Author Topic: Wurtz flask  (Read 1509 times)

0 Members and 1 Guest are viewing this topic.

moo

  • Guest
Wurtz flask
« on: August 12, 2004, 01:10:00 AM »
What kind of a flask exactly is a Wurtz flask?


ozmosis

  • Guest
"Wurtz flask"
« Reply #1 on: August 12, 2004, 03:46:00 PM »
The "head" of a fractional still is more complicated. The flask neck is short and wide to accommodate a fractional column, often called a bubble tower. Their purpose is that the higher B.P. fractions do not pass over, but condense and drain back into the flask. The vapour thermometer is inserted into the top most tower stopper, below which a glass tube exits on a downward angle to the condenser. There are three main forms: Wurtz, Linnemann, and Hempel. Wurtz has several ascending simple glass bubbles, and condensation occurs on upper surfaces of the bubbles. Linnemann has small platinum screens between the bubbles and is more efficient but can be a bastard to clean. Hempel has a simple neck rising through the flask stopper, then widening to the appearance of a fat test tube with a condenser side stem. This column is packed with glass beads, and the top-most stopper carries the vapour thermometer. In my homemade version I use white glass beads about the size of pearls. The Hempel is simple and best suited to serious production of distillate. It is necessary to slack off on the heat from time to time to allow the bubbles or beads to drain themselves back into the flask.
;)

moo

  • Guest
Thanks but...
« Reply #2 on: August 12, 2004, 04:46:00 PM »
You can find all that by using Google and then paste it here. It doesn't say a word about a Wurtz flask, it does mention a distillation column that goes by that name.

It might be that a Wurtz flask is a distillation flask with a Wurtz column but I doubt it. Two places where such a flask is used are

Post 355342

(Antoncho: "Zealot: a complete synthesis of ketamine.", Novel Discourse)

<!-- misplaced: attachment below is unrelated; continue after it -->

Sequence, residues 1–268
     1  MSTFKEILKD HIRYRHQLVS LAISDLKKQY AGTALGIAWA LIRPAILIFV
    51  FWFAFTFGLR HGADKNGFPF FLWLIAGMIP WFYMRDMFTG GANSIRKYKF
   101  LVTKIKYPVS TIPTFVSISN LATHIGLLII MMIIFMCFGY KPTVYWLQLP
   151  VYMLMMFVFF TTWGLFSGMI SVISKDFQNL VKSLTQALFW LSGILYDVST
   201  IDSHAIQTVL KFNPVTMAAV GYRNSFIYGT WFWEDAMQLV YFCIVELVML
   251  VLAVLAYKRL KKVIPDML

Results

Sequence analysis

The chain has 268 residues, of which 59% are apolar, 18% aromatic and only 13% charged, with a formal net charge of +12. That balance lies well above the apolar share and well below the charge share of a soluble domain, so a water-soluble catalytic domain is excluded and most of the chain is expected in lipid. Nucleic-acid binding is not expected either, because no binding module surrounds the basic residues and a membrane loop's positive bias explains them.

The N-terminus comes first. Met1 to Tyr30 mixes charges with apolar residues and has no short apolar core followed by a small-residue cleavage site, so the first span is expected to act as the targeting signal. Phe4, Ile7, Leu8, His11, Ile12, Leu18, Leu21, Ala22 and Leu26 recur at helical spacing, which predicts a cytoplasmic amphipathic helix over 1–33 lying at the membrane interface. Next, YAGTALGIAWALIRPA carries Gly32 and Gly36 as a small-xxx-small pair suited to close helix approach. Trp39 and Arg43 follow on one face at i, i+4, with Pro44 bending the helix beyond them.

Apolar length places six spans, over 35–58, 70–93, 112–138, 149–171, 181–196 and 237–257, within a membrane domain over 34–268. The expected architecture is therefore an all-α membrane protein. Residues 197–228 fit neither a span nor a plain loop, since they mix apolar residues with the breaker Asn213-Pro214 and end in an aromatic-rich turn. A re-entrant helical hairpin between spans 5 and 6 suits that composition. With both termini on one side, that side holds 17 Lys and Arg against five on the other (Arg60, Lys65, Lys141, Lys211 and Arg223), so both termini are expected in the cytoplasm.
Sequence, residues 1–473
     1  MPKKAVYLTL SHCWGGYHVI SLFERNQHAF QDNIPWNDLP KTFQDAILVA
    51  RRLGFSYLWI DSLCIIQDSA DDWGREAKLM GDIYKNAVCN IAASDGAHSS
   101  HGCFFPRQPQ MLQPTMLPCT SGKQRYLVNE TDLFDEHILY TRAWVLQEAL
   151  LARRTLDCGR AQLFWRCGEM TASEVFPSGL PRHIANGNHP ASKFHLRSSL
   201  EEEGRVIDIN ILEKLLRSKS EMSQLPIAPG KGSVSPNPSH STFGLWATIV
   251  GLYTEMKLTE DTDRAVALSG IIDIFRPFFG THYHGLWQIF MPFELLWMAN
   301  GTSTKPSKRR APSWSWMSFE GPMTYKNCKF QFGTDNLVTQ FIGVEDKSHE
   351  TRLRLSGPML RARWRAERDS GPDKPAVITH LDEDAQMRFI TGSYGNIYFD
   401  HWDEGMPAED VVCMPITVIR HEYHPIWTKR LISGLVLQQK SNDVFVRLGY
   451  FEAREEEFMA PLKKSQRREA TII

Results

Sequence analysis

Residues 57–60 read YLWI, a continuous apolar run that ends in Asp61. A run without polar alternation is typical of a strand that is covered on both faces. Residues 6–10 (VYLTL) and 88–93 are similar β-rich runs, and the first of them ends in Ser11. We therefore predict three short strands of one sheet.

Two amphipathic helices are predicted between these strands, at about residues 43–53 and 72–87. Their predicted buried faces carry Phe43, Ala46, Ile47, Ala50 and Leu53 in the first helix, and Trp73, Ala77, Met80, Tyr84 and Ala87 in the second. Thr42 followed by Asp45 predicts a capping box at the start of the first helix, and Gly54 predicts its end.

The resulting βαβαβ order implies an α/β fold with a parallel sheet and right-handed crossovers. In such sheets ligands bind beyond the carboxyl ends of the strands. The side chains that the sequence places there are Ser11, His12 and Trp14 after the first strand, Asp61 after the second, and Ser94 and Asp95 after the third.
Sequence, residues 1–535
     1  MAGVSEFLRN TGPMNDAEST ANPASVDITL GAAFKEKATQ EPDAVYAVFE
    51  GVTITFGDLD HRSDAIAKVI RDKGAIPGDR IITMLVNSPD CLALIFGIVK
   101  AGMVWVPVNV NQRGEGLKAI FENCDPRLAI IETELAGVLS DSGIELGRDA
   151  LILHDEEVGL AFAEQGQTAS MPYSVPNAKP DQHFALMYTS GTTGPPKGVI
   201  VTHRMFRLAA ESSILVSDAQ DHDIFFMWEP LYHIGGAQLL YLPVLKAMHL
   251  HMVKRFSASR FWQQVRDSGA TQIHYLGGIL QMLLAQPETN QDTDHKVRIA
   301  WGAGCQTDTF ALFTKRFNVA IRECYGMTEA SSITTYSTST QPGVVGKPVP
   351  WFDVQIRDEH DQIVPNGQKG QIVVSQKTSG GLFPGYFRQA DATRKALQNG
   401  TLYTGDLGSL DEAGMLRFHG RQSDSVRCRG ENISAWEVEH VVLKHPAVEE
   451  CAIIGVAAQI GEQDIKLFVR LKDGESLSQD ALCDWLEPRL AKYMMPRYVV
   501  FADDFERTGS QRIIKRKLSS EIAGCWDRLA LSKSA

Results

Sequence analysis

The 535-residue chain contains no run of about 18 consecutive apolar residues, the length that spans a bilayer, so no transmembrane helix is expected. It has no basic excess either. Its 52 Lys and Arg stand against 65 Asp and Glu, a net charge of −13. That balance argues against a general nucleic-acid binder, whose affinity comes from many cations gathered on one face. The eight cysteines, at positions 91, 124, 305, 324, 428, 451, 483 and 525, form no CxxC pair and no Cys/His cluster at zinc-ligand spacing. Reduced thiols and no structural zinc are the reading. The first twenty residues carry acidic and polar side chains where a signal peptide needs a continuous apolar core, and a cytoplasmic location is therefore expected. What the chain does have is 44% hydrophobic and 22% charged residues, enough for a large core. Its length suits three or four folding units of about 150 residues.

and the article in

Post 522924

(lugh: "Very Good Leuckart Article", Methods Discourse)
and neither of them appears like something that needed a column. Both of them are also Russian so it might be that the term isn't much used in western countries. My guess is that it is an ordinary distillation flask that has a long neck which has a descending sidearm, the type used already before ground glass joints. But does anyone know?


methyl_ethyl

  • Guest
Russian Connection?
« Reply #3 on: August 13, 2004, 02:57:00 AM »
I think this is very much Russian Terminology.  I think the question would be answered immediately if asked in the Hyperlab.  Almost all of the References I have seen regarding "Wurst Flasks" have had a definitive Russian "flare" to them.  Maybe Antoncho would have a link to an image of such a piece of glassware.

EDIT: ADHD rearing it's lovely head: Both of them are also Russian so it might be that the term isn't much used in western countries. My guess is that it is an ordinary distillation flask that has a long neck which has a descending sidearm, the type used already before ground glass joints. But does anyone know?

I did not fully read your post before I responded, I apologize for my ADHD like behaviours.

regards,

methyl_ethyl


hypo

  • Guest
spelling
« Reply #4 on: August 13, 2004, 09:57:00 AM »
> "Wurst Flasks"

wurtz = chemist
wurst = sausage

usually i don't complain about spelling errors, be it PH or HCL, but
sausage flask is....insulting. ( ;) )


methyl_ethyl

  • Guest
Idiot
« Reply #5 on: August 14, 2004, 04:13:00 AM »
usually i don't complain about spelling errors, be it PH or HCL, but sausage flask is....insulting

I could not agree more, and I apologize, it is not like myself to make such an ignorant spelling error.  I wish I could say that I was hungry and the only thing on my mind was "wurst", however that was not the case.  To tell the truth I have no excuse for such a silly mistake.

my deepest apologies,


m_e